Redundant Array of Independent Disks (RAID) controller chips use memory blocks for various functions such as data transfer and storage. RAID controllers require some type of non-volatile storage to maintain information such a data cache in the event of power failure. As the RAID controller's primary function is to ensure data coherency, it must be able to preserve the history of all relevant input/output (IO) activity to the storage medium. Typically, this has been done using separate, specialized off-chip RAM components, which increases the overall solution cost. Providing this same capability within the RAID controller itself reduces the overall cost. One current technique for retaining data uses the non-volatile features such as a floating gate process (MNOS—Metal-Nitride-Oxide-Semiconductor) which allows retaining the data while the power is turned off. Another current technique to data retention is known by using the piggy-back battery power up of the Static RAM, such as used in the PC BIOS stand alone chips. However, the standard complementary metal oxide semiconductor (CMOS) technology used by redundant array of independent disks (RAID) input/output (IO) controllers is not amenable to these techniques.

It would be very desirable to have the following features while the RAID controller is powered down: 1) data retained in embedded RAM while the rest of the chip circuitry, such as peripheral drivers/receivers and all core logic, are powered down, 2) maintenance of the stored data in embedded RAM undisturbed during the power-down and power-up of the rest of the chip, and 3) logic circuitry to externally control the states of “sleep” (to power down the I/O and core logic) and “wake” (to resume normal operation).

Therefore, it would be desirable to provide a circuit and method for preventing spurious data from being written to or read from an embedded RAM.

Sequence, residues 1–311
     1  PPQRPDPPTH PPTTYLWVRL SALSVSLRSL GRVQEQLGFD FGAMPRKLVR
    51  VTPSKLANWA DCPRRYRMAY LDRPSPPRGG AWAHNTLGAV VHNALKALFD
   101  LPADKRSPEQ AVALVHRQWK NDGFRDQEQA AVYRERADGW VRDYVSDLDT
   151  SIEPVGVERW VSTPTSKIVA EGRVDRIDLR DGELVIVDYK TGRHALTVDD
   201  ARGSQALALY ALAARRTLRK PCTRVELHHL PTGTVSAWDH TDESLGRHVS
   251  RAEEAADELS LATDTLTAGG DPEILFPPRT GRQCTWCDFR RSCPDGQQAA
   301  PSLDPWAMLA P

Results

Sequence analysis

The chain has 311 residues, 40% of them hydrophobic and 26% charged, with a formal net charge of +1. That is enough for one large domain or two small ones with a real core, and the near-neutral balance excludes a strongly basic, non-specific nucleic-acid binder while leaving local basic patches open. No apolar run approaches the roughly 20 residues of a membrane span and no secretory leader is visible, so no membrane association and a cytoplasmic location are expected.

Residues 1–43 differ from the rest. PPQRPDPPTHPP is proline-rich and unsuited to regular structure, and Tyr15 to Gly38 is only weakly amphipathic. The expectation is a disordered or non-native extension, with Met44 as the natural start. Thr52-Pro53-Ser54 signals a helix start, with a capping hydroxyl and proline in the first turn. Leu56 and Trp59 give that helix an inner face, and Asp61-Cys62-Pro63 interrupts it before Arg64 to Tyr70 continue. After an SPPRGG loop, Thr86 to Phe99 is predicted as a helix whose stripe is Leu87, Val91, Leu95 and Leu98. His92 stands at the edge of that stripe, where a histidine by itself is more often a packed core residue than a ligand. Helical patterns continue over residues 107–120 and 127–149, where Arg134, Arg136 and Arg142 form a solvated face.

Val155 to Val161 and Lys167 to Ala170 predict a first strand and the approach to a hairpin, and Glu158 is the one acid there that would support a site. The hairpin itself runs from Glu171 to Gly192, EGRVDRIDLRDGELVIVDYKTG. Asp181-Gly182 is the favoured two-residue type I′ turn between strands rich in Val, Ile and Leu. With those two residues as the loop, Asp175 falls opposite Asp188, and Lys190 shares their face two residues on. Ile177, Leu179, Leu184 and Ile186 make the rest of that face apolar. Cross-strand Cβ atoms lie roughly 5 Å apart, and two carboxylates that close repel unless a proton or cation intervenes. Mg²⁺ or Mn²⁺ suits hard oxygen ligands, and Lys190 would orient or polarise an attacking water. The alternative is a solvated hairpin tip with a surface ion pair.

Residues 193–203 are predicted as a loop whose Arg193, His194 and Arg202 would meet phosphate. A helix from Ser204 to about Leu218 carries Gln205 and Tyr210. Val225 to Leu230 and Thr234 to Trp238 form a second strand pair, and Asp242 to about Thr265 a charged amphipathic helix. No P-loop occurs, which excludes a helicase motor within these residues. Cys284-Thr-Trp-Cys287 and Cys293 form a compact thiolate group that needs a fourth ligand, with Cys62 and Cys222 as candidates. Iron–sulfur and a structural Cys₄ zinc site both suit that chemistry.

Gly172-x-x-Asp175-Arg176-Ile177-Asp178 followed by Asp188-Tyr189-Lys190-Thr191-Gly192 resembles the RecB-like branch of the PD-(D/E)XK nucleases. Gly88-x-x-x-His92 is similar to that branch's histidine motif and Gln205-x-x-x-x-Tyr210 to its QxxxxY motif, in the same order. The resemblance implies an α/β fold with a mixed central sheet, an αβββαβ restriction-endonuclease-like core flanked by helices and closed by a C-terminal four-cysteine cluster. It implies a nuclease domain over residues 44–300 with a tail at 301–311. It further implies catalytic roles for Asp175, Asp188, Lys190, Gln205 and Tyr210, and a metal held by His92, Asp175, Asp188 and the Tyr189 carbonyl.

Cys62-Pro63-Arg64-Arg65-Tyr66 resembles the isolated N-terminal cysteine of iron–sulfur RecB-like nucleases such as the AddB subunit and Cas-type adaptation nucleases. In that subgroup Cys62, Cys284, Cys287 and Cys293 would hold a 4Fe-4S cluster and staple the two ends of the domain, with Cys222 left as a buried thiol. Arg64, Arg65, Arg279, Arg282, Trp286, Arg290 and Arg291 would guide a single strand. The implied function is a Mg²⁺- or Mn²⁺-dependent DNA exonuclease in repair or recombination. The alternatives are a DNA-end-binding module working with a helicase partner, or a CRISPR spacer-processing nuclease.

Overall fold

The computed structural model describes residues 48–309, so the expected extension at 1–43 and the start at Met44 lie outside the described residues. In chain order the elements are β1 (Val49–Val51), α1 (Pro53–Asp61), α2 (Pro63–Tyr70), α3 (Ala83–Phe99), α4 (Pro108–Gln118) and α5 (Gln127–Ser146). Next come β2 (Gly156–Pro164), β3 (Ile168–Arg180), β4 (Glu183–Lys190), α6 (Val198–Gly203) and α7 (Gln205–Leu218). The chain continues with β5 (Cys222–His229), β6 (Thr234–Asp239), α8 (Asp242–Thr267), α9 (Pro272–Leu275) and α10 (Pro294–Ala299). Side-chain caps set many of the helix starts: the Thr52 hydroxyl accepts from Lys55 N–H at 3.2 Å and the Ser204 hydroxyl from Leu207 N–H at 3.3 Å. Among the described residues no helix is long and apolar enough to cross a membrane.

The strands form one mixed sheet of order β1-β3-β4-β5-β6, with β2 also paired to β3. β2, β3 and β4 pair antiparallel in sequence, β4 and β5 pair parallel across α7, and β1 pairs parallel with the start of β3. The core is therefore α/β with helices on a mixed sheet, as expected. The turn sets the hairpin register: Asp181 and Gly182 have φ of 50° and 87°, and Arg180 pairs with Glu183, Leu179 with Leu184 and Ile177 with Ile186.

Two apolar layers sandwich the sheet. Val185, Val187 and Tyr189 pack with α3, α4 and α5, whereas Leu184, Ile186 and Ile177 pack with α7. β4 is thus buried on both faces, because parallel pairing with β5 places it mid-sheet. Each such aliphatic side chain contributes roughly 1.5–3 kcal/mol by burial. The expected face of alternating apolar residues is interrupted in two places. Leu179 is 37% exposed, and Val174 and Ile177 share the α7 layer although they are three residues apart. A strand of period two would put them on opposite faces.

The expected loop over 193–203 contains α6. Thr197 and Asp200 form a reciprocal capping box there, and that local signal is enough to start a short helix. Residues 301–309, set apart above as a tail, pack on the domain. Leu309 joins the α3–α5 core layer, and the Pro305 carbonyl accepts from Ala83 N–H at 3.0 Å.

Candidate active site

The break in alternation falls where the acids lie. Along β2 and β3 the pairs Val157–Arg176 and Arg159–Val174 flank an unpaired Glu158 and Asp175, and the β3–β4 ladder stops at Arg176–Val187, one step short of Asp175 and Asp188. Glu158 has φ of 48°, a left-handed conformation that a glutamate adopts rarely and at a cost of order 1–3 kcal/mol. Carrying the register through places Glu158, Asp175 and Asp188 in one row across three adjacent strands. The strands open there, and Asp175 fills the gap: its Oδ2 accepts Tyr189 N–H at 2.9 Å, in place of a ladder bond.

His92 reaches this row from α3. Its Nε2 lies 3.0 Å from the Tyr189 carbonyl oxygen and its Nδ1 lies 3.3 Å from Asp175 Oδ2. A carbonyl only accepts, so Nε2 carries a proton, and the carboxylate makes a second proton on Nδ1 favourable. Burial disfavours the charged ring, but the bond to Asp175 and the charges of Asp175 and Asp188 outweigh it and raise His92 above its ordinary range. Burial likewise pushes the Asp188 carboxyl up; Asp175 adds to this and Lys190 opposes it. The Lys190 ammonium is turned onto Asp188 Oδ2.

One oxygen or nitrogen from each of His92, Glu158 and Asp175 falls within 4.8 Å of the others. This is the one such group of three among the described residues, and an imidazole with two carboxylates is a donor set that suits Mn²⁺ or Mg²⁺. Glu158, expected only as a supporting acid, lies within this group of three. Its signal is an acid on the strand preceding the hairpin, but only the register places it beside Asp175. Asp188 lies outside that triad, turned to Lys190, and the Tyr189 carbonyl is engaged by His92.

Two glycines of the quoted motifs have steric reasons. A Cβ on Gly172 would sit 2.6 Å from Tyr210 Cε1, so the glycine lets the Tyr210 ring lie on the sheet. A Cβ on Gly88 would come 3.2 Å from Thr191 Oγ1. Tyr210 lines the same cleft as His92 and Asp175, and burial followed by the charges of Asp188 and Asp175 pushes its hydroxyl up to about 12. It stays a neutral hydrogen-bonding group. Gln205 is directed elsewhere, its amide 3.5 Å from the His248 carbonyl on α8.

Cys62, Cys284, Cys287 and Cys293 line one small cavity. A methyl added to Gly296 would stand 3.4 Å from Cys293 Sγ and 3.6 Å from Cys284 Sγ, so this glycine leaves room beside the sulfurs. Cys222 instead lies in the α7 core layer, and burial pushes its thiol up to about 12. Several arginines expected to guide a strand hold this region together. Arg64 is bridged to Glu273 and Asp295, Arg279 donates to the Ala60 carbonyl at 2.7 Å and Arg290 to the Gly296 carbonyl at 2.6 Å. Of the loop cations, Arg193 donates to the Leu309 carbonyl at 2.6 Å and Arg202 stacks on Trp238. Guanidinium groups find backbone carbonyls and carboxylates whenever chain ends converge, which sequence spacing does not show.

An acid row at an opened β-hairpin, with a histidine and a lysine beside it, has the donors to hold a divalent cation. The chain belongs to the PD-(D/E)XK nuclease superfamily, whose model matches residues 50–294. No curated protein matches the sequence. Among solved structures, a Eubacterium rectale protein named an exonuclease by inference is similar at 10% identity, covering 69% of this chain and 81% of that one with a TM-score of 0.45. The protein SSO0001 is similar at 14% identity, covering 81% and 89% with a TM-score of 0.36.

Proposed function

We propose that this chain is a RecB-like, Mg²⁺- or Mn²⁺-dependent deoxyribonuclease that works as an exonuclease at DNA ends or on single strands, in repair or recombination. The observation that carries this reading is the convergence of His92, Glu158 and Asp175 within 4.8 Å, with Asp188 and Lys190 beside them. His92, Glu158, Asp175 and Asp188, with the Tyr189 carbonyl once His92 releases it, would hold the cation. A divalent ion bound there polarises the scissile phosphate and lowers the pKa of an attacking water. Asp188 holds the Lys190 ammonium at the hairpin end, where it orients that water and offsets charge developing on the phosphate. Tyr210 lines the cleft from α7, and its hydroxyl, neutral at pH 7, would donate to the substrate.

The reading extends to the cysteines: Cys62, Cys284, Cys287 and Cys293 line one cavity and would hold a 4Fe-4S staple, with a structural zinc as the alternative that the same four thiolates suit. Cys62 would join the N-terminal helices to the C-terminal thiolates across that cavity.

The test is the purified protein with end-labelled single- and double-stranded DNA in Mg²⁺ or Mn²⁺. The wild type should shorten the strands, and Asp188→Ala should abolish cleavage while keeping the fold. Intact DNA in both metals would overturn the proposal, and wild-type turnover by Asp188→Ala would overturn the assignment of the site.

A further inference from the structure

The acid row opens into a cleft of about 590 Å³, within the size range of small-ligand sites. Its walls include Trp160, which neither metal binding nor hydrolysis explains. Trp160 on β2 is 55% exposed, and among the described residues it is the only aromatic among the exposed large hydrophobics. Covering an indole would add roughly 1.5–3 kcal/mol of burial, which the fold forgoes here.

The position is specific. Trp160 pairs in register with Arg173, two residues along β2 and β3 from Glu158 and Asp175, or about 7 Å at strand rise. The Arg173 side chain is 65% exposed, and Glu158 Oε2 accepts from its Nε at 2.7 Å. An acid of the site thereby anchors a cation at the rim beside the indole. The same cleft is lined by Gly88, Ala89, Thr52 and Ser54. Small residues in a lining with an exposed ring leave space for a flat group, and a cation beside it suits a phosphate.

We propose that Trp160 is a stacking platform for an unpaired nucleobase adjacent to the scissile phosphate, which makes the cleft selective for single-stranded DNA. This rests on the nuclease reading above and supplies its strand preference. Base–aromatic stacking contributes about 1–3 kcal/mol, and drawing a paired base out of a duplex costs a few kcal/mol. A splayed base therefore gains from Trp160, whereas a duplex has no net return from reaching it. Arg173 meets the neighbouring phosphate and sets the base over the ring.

SUMMARY OF THE INVENTION

Accordingly, the present invention is directed to a circuit and method for isolating an embedded memory of an integrated circuit chip from other on chip circuitry during a drop in power.

In an embodiment of the present invention, isolation cells prevent the passage of data signals to and/or from an embedded memory on an integrated circuit chip. The embedded memory and isolation circuitry are preferably exclusively located in a dedicated portion of the wafer. The isolation cells are controlled by one or more enable signals and one or more switches tied to power levels elsewhere present within the integrated circuit. For example, the power for core logic circuitry may control one of the switches. If any power level falls below a threshold level, the switch is turned off, thereby preventing data transfer. The isolation cells of the present invention primarily include one or more series of transistors that are controlled by the enable signals and/or the power levels. Each series of transistors links adjacent transistors by source to drain or drain to drain connections. A series may be formed of transistors in parallel in which the drains are connected to a common node and the sources are connected to a negative power supply or ground. There may be a single series of transistors in a totem pole arrangement. In an embodiment, one or more power levels from the integrated circuit control corresponding gates of transistors.